Liberal Senate Forum to Discuss Marijuana Legalization Tomorrow in Ottawa

CANNABIS CULTURE – Liberal members of Canada’s Senate will host an open forum to discuss the legalization of marijuana tomorrow in Ottawa.

Unfortunately, most of the official “experts” slated to answer questions are former police officers and substance abuse workers.

The Liberal Senate Forum website’s introduction to the event:

On February 24th, we invite you to join us in a discussion on the legalization of marijuana. In its speech from the throne, the government reaffirmed its commitment to legalize marijuana during its mandate. Recent polls suggest that the majority of Canadians support such a move. As Canada moves toward legalization, it is crucial that it is done right. How should marijuana be sold? What steps can be taken to ensure marijuana stays out of the hands of minors? What tools are available to police for those driving under the influence?

To answer these and other questions, we have invited a panel of experts and policy makers to address these and other issues.

So who are these “experts”?

  • Bill Blair, M.P., Parliamentary Secretary to the Minister of Justice
  • Clive Weighill, President, Canadian Association of Chiefs of Police (CACP)
  • Canadian Centre on Substance Abuse (CCSA)
    • Amy Porath-Waller, Ph.D., Director, Research and Policy
    • Rebecca Jesseman, Senior Policy Advisor
  • Benedikt Fischer, Centre for Addiction and Mental Health (CAMH)
  • Eugene Oscapella, Lawyer and lecturer on drug policy, Department of Criminology, University of Ottawa

Bill Blair is the former Toronto police chief assigned by Justin Trudeau and the Liberals to be the chief architect of marijuana legalization in Canada. He told the press, “Our intent is to legalize, regulate and restrict.”

Shortly after the Liberal Senate Forum page announcing the event was posted, and outcry of voices from Canada’s cannabis community appeared in the comment section.

Judging by the “expert” list, it looked to many activists like the government’s position would be heavy on the restrictions.

Long-time pot activist Dana Larsen wrote in the comments:

Two police officers, two doctors and a policy analyst. This is your panel of “experts.”

How about inviting an actual cannabis user?

How about inviting someone who has been through the justice system for a cannabis charge, and can explain how that works from the inside?

How about inviting a police officer from LEAP: Law Enforcement Against Prohibition?

How about inviting the parents of a child who has epilepsy and uses cannabis as their life-saving medicine?

How about anyone at all from the actual Canadian cannabis community of activists, growers and cannabis users?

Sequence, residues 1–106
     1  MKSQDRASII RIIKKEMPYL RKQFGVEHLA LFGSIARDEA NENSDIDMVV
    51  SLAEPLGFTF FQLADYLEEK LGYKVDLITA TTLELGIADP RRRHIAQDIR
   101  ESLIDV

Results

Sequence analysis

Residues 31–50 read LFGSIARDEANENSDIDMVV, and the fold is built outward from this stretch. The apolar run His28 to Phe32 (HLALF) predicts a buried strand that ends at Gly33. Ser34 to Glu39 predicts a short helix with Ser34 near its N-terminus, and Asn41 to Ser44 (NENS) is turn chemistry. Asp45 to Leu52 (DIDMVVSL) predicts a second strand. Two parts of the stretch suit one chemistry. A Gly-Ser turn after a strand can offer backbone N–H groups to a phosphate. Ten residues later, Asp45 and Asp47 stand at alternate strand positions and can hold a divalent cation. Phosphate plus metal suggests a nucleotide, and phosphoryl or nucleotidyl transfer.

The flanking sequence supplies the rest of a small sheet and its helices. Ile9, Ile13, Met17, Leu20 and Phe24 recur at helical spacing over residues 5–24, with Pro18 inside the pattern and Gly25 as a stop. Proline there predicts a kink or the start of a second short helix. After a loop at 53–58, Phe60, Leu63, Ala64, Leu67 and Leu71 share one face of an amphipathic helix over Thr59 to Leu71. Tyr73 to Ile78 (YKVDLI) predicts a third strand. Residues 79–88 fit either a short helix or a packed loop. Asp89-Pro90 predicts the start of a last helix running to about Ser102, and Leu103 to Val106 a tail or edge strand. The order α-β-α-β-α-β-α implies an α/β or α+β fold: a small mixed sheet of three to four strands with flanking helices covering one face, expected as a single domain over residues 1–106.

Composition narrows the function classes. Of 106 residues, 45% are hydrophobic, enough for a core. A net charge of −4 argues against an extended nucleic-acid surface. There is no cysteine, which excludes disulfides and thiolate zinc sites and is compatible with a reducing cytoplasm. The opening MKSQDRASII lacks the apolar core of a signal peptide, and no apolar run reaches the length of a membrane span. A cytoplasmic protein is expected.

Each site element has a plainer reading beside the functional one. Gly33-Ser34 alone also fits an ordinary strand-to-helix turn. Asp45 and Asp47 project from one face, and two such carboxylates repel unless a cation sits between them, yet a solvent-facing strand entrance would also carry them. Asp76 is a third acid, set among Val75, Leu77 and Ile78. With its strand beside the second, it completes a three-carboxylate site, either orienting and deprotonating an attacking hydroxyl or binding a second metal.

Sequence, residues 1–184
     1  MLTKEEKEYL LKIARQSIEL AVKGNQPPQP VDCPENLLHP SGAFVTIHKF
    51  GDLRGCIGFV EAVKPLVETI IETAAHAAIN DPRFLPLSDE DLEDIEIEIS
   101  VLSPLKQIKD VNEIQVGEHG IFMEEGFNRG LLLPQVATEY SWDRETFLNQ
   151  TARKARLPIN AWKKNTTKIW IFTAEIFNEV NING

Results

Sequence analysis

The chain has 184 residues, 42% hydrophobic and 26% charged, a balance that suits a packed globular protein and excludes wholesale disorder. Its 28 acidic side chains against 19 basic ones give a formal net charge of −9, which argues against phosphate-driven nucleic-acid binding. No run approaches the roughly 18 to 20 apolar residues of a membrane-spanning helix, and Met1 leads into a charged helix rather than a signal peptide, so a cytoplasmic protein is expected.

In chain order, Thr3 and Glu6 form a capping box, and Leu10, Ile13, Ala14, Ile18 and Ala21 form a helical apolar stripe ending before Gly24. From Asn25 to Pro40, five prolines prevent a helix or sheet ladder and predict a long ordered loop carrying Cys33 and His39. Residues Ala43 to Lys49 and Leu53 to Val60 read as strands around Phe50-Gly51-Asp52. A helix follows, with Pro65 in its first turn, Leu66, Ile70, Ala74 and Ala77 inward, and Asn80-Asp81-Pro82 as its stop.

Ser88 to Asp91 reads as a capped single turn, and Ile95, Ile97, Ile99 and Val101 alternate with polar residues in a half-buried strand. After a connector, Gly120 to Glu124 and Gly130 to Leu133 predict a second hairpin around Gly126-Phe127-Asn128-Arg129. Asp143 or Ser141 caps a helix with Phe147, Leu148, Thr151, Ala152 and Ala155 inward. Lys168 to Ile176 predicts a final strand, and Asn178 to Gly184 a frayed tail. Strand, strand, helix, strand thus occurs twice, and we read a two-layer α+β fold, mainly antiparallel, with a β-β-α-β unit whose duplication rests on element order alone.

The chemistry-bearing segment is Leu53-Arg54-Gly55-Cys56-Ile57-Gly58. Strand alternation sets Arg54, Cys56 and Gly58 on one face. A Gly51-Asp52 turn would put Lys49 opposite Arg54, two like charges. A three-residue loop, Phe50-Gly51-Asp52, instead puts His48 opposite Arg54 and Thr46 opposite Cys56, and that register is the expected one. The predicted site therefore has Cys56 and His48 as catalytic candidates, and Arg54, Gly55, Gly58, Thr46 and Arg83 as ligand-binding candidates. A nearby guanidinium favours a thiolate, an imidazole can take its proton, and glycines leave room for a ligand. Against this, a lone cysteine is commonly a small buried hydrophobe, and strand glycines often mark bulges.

If Canadian legalization is going to be solely informed by police officers and policy analysts, then it’s going to be a crappy kind of legalization that won’t solve any of the problems associated with prohibition.

After a flood of similar complaints, the page was updated by the Senate Liberals for clarification:

We have read your concerns and recognize there is some misunderstanding about the role of our Open Caucus meetings. We would like to address this below:

  1. The Senate Liberals are no longer affiliated with the governing Liberals in the House of Commons. What this means is we can only affect government policy insofar as we can vote on and study legislation as individual Senators. This is not a government sanctioned panel.
  2. Blair is appearing as a witness in his role as a member of the Government. If you look to our meeting on February 3rd, you will note we also hosted Mr. Holland, Parliamentary Secretary on Democratic Reform as a member of our panel on Election Reform. We cannot always secure a government representative, but when we do we welcome them in order to hear the government’s perspective.
  3. This is not a meeting to discuss whether or not the government should legalize marijuana, but rather how to legalize it. The government re-committed to its election promise to legalize marijuana in its speech from the throne, which we take to mean legalization is coming in one form or another. As legislators who will be voting on this legislation in the near future, we are looking to inform ourselves and others on how to go about this in a responsible way that works and can last. We recognize that we cannot touch on all aspects of legalization during a two hour meeting.
  4. This meeting is separate from official government consultations and parliamentary Committee proceedings as the marijuana legislation is crafted.
  5. Please note we have added Eugene Oscapella to the witness list, an Ottawa area lawyer and co-founder of the Canadian Foundation for Drug Policy.

Oscapella – added to the “witness list” after the outcry – will likely add a bit of balance to the opinions of those speaking.

Oscapella has spoken to the Senate before, making a case against mandatory minimum sentences to the committee studying Bill C-15.

To provide added balance to the event, Vancouver activist Jodie Emery is headed to Ottawa and hopes to speak at the gathering.

“As the Canadian government moves forward with legalization plans, it is essential that our leaders seek input from expert advocates and professionals in the marijuana and hemp industry,” Emery wrote in a CC blog post.

“For many decades, legalization activists faced criticism and opposition from law enforcement and mental health professionals. It is now vital that the government take a balanced approach and work with all affected parties, not just representatives from organizations that have historically opposed legalization.”

Follow Jodie EmeryCannabis Culture, and the Liberal Senate Forum on Twitter for updates during tomorrow’s Senate meeting.

 

Jeremiah Vandermeer
Jeremiah Vandermeer

Jeremiah Vandermeer is Editor-in-Chief of Cannabis Culture & Pot TV.